Knife Angel

Alison and I paid a visit to see the knife angel outside Derby Cathedral last Saturday. It was our second visit, but as the first had been in daylight we chose to visit on the evening and it was even more inspiring. It leaves Derby tomorrow for Chester so if any of my friends are within reach of Chester I want to encourage you to visit it.

As many will be aware the back-story to the angel is a response to the rising statistics of knife related crime within the country and in memory of those who have lost their lives to knives. The sculpture is 27 feet high and made from about 100,000 bladed weapons collected in knife amnesties across the country. Made by sculptor Alfie Bradley the angel was created to bring to a head the needless loss of life, or serious injury that knife related crime costs.

As we stood looking at the sculpture and reflecting on it, I became aware of a group of girls to my right who were obviously out night clubbing. They had stopped to take their own photographs, and climbing onto a nearby wall to be able to photograph over the security barrier. I became aware of them by the loud chatter, the laughter and the noise level. I can’t deny that, although I didn’t tut-tut, I was inwardly thinking “pay some respect, do you realise what this is about; be as overawed as I am……….”

On my way home I thought about it, knowing which passage I was preaching on the following day, from Luke 18:9-14. “To some who were confident of their own righteousness and looked down on everyone else, Jesus told this parable:  “Two men went up to the temple to pray, one a Pharisee and the other a tax collector.  The Pharisee stood by himself and prayed: ‘God, I thank you that I am not like other people—robbers, evildoers, adulterers—or even like this tax collector.  I fast twice a week and give a tenth of all I get.’

 “But the tax collector stood at a distance. He would not even look up to heaven, but beat his breast and said, ‘God, have mercy on me, a sinner.’

“I tell you that this man, rather than the other, went home justified before God. For all those who exalt themselves will be humbled, and those who humble themselves will be exalted.

I began wondering if I was like the Pharisee, looking down my nose on others who did things differently to me. Instead of giving thanks that the girls had taken some time out of their night clubbing to stop and see the angel (unlike others who walked past without regard), was I being judgemental in being disappointed they had reacted differently to me?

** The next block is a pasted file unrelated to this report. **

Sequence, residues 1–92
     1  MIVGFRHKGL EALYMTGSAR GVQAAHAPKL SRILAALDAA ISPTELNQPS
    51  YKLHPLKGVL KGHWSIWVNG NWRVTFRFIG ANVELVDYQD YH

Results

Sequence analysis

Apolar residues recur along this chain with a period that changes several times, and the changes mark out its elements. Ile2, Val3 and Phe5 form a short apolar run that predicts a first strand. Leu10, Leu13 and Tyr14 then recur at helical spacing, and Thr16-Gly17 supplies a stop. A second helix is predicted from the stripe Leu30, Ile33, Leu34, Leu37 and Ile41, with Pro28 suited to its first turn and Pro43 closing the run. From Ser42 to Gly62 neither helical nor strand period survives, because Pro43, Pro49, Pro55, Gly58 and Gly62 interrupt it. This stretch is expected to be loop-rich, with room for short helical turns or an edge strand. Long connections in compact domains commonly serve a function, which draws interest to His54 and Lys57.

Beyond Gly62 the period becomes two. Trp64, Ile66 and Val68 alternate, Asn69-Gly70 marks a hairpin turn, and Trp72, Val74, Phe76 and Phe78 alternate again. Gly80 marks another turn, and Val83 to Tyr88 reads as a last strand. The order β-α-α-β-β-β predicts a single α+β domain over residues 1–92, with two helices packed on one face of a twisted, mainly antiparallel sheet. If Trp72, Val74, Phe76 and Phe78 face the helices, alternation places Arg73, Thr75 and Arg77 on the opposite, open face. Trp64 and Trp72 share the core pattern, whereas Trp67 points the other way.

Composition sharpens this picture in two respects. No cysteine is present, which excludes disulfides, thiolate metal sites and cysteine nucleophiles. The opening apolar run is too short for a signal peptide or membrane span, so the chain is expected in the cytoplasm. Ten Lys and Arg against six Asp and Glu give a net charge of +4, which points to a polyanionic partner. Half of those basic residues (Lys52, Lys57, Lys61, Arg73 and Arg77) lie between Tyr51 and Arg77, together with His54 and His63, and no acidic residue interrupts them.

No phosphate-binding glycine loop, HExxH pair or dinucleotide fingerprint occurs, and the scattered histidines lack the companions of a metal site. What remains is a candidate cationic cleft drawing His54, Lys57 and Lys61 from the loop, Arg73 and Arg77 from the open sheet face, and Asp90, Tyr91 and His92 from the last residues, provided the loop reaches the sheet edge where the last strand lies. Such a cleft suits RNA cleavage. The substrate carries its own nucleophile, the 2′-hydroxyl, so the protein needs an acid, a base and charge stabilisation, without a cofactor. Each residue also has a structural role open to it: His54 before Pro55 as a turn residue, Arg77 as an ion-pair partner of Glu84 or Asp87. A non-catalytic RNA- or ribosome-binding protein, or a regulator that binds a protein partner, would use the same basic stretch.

Was I any better than the Pharisee, and what right did I have in making the judgement when I had no concept of the girls own backgrounds; maybe they had known someone involved and wanted to stop; maybe they were afraid of knife crime and wanted reassurance; maybe they were making their own observance in their own way. The problem with the Pharisee in the parable wasn’t that he was in the wrong with his observance, but that his observance was all about himself and his belief that he was doing everything right (wasn’t he good ?). However the tax collector didn’t think of how good he was, but realised his own error and threw himself entirely upon God.

Look at the face of the angel, especially in the first picture (in blue lighting) and it looks so sad despairing and full of sorrow. I truly believe that God is sad and sorrowful when we try to rely on our own actions (which can lead to unfulfilled hopes, or in some cases to estrangement from others) instead of throwing ourselves upon Gods grace and mercy; when we choose our own path rather than the path of tolerance, hope and love which Jesus shows us. Look at the open hands and see in them the hands of God reaching out to lead us in a better way. Grasp those hands for in the pain and suffering of Jesus, the hands that were scarred on our behalf, there IS a better way and it’s the way of Jesus Christ, who spoke of peace and acceptance of all people.

I found and continue to find the knife angel profoundly moving and challenging to my own life and the way I treat others.









Leave a Reply

Fill in your details below or click an icon to log in: Logo

You are commenting using your account. Log Out /  Change )

Google photo

You are commenting using your Google account. Log Out /  Change )

Twitter picture

You are commenting using your Twitter account. Log Out /  Change )

Facebook photo

You are commenting using your Facebook account. Log Out /  Change )

Connecting to %s

This site uses Akismet to reduce spam. Learn how your comment data is processed.